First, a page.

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Redmond church’s plans to expand safe parking program for homeless hits rough sledding before city council

(Update: Adding video, comments from pastor, residents, speakers at council meeting)

REDMOND, Ore. (KTVZ) -- Redmond's Mountain View Fellowship Church says its "safe parking" program to help the homeless has been successful for nearly a year and it plans to expand to new locations in coming weeks. But one location has prompted dismay among neighbors who say they were not informed, and the City Council will be weighing in after getting an earful Tuesday night.

The visitors' section of the council meeting lasted quite awhile, as many spoke, both in support and opposed, but councilors vowed to take more public input before anything more happens at .

The program, which NewsChannel 21 first reported on a year ago, along with city council support, provides safe places for people dealing with housing issues to park and sleep in their vehicles.

It allows two to four people to live in their vehicles behind the church and provides case management for them. The goal is to help them find stable long-term housing.

The program also is currently operating at Redmond's VFW hall.

Pastor Rick Russell told NewsChannel 21 Tuesday they are looking to expand the program to other locations. He said there will be about 20 "safe parking" spots available around the community by the end of September.

But a planned location at Northwest 19th Street and Pershall Way brought neighbors' opposition and concerns, as many learned of it in just the past week, despite several meetings Russell has held. It's on about 30 acres of city-owned land that would continue to be a farm, along with two groups of three vehicles each on two locations.

Russell said the church reached out to neighbors after a rumor spread about the plans, sending out a letter and holding a meeting to inform people and attempt to allay fears of what was coming.

"The city's been asking what can they do to support the program, and so we asked for locations -- more locations we can operate the program," Russell said.

"Homeless camps that exist around the community where it's a free-for-all. I think they're worried about that showing up at their property," Russell said. "That's not what we operate. We're a very quiet and case-managed program. I understand their concerns. We don't want that to be a part of our community either, which is why we brought this program."

Some worried residents contacted NewsChannel 21 in recent days, expressing concern that neighbors or the general public have not been notified about the plans.

I spoke to some Redmond residents who asked that their faces not be shown, but wanted to voice their concerns.

A Redmond resident said, "We are concerned the fact that 19th Street runs down directly to the (Dry) Canyon, and it's a perfect parking place for campers to come down here."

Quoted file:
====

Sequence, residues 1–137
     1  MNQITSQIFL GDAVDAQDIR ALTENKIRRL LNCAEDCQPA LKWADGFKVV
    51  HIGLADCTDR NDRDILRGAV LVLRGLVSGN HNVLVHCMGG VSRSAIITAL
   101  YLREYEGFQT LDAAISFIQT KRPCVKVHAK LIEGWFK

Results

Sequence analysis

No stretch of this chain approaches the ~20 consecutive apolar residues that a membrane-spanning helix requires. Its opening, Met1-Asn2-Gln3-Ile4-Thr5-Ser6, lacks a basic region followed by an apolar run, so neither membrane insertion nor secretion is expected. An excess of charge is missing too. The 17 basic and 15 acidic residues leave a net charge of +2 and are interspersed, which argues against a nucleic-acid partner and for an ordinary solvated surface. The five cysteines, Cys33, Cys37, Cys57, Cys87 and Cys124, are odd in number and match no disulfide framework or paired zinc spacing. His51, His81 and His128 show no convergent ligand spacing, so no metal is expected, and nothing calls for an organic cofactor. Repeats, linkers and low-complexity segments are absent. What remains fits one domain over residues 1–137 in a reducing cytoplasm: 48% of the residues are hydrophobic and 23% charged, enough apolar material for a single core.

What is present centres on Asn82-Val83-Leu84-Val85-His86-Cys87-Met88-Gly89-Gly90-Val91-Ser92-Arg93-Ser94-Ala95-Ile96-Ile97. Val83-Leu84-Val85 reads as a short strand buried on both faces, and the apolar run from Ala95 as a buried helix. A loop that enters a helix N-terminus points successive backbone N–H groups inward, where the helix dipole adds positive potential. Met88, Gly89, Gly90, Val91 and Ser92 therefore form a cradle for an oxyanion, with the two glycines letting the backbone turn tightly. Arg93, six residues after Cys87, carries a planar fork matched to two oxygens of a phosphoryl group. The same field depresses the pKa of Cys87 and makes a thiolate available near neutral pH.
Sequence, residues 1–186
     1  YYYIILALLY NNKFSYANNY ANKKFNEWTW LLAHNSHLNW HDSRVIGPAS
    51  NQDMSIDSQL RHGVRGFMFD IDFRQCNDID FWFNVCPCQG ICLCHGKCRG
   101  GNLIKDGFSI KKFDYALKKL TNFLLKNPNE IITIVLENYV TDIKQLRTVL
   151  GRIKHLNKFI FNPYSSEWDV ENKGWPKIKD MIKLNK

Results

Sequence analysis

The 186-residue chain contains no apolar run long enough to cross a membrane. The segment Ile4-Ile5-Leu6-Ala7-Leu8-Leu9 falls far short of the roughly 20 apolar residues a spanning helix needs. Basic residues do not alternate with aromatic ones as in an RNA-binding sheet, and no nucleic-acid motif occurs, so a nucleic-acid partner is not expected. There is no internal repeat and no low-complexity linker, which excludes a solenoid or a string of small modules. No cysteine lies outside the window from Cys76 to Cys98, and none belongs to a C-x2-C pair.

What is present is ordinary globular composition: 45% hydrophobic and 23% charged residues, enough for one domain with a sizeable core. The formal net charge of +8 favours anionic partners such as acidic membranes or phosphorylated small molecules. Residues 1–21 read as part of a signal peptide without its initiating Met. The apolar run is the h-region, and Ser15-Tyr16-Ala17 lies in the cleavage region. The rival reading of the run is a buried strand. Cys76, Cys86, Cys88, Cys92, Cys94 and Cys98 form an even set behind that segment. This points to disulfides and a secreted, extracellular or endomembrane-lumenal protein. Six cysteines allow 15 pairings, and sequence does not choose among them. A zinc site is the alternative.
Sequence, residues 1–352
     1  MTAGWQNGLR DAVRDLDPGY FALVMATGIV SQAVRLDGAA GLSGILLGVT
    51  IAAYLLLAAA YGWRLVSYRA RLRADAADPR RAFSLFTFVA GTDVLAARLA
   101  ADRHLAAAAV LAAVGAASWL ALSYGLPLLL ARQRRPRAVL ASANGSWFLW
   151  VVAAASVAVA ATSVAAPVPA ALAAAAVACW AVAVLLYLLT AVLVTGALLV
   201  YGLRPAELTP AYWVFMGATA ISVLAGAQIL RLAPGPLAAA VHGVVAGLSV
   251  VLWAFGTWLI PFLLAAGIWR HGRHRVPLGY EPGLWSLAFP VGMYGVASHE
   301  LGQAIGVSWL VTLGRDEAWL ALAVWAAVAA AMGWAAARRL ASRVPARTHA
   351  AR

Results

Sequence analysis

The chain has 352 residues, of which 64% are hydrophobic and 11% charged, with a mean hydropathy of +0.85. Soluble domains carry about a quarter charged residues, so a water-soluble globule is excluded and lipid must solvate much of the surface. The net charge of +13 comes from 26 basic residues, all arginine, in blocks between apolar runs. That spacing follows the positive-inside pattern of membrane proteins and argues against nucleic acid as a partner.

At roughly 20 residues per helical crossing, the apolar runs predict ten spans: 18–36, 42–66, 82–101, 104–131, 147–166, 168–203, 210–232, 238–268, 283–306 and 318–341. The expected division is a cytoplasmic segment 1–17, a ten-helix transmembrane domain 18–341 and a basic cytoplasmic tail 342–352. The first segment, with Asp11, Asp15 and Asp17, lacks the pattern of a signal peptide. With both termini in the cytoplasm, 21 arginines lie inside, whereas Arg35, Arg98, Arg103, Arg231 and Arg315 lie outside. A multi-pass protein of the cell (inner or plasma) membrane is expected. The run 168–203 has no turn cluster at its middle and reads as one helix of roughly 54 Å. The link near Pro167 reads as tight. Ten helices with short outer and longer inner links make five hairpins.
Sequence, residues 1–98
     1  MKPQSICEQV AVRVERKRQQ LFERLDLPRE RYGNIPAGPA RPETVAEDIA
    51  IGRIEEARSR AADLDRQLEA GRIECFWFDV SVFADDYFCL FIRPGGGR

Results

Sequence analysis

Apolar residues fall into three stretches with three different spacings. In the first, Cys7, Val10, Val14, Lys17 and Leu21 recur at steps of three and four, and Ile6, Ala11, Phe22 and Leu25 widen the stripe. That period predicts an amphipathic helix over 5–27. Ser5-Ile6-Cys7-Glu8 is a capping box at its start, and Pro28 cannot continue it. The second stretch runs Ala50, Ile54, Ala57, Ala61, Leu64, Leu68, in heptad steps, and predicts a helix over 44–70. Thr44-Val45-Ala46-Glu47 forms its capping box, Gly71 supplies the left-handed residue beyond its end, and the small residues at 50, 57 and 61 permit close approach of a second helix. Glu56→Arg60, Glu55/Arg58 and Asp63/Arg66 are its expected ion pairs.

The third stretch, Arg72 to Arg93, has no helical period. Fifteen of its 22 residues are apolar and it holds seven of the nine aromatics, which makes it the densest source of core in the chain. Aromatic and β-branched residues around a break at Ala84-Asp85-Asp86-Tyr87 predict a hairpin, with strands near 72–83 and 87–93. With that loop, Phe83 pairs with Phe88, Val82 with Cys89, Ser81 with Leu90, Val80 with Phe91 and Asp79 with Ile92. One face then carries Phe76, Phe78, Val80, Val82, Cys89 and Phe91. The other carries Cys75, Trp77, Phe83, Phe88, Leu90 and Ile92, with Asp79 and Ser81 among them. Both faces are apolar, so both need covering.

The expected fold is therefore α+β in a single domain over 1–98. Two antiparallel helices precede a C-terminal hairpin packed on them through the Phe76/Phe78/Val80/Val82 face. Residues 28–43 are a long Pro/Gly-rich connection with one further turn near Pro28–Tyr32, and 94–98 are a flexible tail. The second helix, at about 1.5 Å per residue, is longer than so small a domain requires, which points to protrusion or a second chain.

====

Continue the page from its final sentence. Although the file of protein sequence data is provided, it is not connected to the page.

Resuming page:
Norma Brenton said, "No, we weren't happy with the way the meeting went at all. They just kind of sugar-coated everything, and let it go at that."

Jenny Hurst said, "We've been left in the dark-- the people that it's affecting the most."  

Greg Crivellone said, "I was at the meeting at the church last week, and have spoken to quite a few residents in the area. They're very upset about it -- very afraid of the crime."

Russell said they defer to the owners of other properties on how to notify the neighbors. Sanitation, services, a case manager, and security cameras will be provided.

A large crowd showed up to speak in the visitors' section of Tuesday night's Redmond City Council meeting, as it was not on the agenda.

Several speakers involved with the program or related efforts to help the homeless urged the council to continue its support of the program, which they said is safe and properly managed

But numerous others were upset over not being notified and had only learned of it recently. They said the chosen location is a dark, secluded area, away from services the homeless need. One listed several other locations around the city that she felt would be more suitable, as they have water, sewer and power.

"You're putting them in a cow pasture," a woman said. "The secrecy and disrespect seems like blatant corruption."

After plenty of testimony - some emotional - and efforts by Russell and others to provide information and answer questions, several city councilors agreed that the process in terms of public notification had been handled badly.

Councilor Ed Fitch said, "I agree the process could have been done much, much better." Having visited the city-owned site, Fitch said there should be discussions with Deschutes County on no-parking signage or other steps along 19th Street to avoid it "being turned into Hunnell Road," Bend's location of numerous homeless people's RVs and campers.

"I support the program, but the way it was done stinks," Councilor Jay Patrick said.

The council had approved $50,000 in federal ARPA funds for the program a year ago, but City Manager Keith Witcosky admitted the process went awry and admitted that there should have been a work session on the Pershall site plans and the use of other Public Works funds for the safe parking program.

Witcosky and Mayor George Endicott said a work session on the program and site will take place at a council meeting in two weeks. Until then, Endicott promised, no work on the location will happen.

"We're collectively very concerned, and apologize for how this all came about," he said. "We'll do better."

Article Topic Follows: Redmond
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Kelsey McGee

Kelsey McGee is a multimedia journalist for NewsChannel 21. Learn more about Kelsey here.

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Barney Lerten

Barney is the digital content director for NewsChannel 21. Learn more about Barney here.

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